Prayer and Reflection by Archbishop Stephen Brislin

Archbishop Stephen Brislin offers his prayer and reflection for the people of the Archdiocese of Cape Town for today, Wednesday 20 October 2021, during this time of the coronavirus pandemic. It is also available on the Archdiocese of Cape Town’s Facebook page and YouTube channel. Please also see below the text of his reflection, primarily for the deaf.

Welcome to today’s reflection. On Sunday, we launched the preparation phase for the 2023 Synod on Synodality. In the coming months we will reflect on various matters of importance to the life of the Church in these times, bearing in mind the main themes of communion, participation and mission. We will be praying the synod prayer in every parish. However, we should not forget also to pray for peace in Southern Africa, especially in this period before the local elections. And so I will be alternating the prayers in the coming weeks. Let us pray the Adsumus Prayer of the Synod :

We stand before You, Holy Spirit,
as we gather together in Your name. 

With You alone to guide us,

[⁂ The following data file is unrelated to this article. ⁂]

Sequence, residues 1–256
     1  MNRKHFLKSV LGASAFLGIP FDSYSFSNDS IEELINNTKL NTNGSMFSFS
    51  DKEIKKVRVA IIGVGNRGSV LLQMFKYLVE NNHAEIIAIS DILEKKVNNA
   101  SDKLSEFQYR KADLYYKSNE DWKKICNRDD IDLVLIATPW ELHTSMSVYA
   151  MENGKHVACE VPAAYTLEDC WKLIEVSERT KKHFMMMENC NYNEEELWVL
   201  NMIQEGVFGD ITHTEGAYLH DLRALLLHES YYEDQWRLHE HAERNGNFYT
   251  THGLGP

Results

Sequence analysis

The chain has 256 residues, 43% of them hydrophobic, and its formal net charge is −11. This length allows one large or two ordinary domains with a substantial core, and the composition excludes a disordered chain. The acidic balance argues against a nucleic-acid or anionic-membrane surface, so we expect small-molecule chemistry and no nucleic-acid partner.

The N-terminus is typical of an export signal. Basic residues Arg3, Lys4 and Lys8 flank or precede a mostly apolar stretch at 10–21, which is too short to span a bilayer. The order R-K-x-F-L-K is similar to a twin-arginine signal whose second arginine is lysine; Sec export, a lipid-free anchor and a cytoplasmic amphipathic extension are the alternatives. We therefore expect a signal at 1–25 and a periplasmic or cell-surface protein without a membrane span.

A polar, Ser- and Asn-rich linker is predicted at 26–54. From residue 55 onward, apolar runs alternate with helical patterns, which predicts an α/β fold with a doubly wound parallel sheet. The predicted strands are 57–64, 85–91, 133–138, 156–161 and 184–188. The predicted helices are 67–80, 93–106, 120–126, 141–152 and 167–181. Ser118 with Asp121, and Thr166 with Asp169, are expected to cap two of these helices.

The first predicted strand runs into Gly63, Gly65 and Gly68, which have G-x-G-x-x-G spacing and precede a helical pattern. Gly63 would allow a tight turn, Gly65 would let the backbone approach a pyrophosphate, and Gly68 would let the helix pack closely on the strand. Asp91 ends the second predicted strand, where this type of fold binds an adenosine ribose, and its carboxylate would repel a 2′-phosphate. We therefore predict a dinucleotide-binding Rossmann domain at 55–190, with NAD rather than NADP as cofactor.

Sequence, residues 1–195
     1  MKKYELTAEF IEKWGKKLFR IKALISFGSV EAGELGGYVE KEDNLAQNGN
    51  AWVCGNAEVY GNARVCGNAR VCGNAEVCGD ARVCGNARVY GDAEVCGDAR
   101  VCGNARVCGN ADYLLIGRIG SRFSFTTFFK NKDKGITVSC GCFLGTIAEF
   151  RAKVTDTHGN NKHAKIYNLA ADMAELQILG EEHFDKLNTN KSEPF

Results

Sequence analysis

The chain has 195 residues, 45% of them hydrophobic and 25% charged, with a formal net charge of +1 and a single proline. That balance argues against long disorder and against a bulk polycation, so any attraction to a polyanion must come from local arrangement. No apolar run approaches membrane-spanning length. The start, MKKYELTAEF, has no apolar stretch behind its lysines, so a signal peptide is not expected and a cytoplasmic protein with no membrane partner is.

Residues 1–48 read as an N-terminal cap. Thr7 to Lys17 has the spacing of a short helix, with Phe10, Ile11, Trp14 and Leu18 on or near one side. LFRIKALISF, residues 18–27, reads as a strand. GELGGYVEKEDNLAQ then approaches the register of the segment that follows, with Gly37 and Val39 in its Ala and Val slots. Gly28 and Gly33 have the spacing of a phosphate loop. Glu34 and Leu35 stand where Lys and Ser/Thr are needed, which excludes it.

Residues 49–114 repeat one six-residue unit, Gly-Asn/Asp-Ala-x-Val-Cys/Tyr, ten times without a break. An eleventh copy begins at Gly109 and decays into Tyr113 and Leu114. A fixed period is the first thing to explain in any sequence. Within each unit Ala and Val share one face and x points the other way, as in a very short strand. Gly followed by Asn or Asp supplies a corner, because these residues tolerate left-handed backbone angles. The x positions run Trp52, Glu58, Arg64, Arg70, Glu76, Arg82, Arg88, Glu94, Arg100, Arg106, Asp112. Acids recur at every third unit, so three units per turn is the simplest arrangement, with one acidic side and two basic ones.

make Yourself at home in our hearts; 

Teach us the way we must go
and how we are to pursue it. 

We are weak and sinful;
do not let us promote disorder.
Do not let ignorance lead us down the wrong path nor partiality influence our actions. 

Let us find in You our unity
so that we may journey together to eternal life and not stray from the way of truth
and what is right. 

All this we ask of You,
who are at work in every place and time,
in the communion of the Father and the Son, forever and ever. Amen. 

The Scripture reading is an excerpt from the First Reading of today’s Mass, from St Paul’s letter to the Romans (Rom 6:12-18):

You were once slaves of sin, but thank God you submitted without reservation to the creed you were taught. You may have been freed from the slavery of sin, but only to become ‘slaves’ of righteousness.

Over the past weeks I have been speaking of sin, the necessity for repentance leading to conversion, and the “putting on the new man” (cf. Ephesians 4:22-24). This teaching is central to the Scriptures – both Old and New Testaments. Nonetheless, we should not forget that Christianity is not so much about not doing something, and is more about what we do. And so, in the Reading we have just heard, St Paul says that we have become slaves to righteousness. He also says, we live by grace and not by law, and we should make every part of our body a weapon for fighting on the side of God. As Christians we desire to live righteous lives. Of course, we should distinguish between self-righteousness, which has the negative connotation of making oneself the final moral arbitrator, and righteousness which acknowledges God as the arbitrator of what is right and wrong. Righteousness always embraces compassion.